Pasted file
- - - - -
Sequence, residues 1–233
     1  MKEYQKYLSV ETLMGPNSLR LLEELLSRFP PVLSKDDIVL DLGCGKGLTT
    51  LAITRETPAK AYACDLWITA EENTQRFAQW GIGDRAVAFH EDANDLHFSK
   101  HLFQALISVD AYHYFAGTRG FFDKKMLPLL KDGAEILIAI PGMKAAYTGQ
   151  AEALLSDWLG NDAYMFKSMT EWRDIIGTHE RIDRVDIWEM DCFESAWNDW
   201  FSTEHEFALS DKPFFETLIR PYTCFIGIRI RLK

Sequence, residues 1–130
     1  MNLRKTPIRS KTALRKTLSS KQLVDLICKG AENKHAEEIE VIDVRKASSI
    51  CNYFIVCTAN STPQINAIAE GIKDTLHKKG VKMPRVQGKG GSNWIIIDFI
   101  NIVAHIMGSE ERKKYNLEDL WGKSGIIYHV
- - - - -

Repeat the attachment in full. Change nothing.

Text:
Sequence, residues 1–233
     1  MKEYQKYLSV ETLMGPNSLR LLEELLSRFP PVLSKDDIVL DLGCGKGLTT
    51  LAITRETPAK AYACDLWITA EENTQRFAQW GIGDRAVAFH EDANDLHFSK
   101  HLFQALISVD AYHYFAGTRG FFDKKMLPLL KDGAEILIAI PGMKAAYTGQ
   151  AEALLSDWLG NDAYMFKSMT EWRDIIGTHE RIDRVDIWEM DCFESAWNDW
   201  FSTEHEFALS DKPFFETLIR PYTCFIGIRI RLK

Sequence, residues 1–130
     1  MNLRKTPIRS KTALRKTLSS KQLVDLICKG AENKHAEEIE VIDVRKASSI
    51  CNYFIVCTAN STPQINAIAE GIKDTLHKKG VKMPRVQGKG GSNWIIIDFI
   101  NIVAHIMGSE ERKKYNLEDL WGKSGIIYHV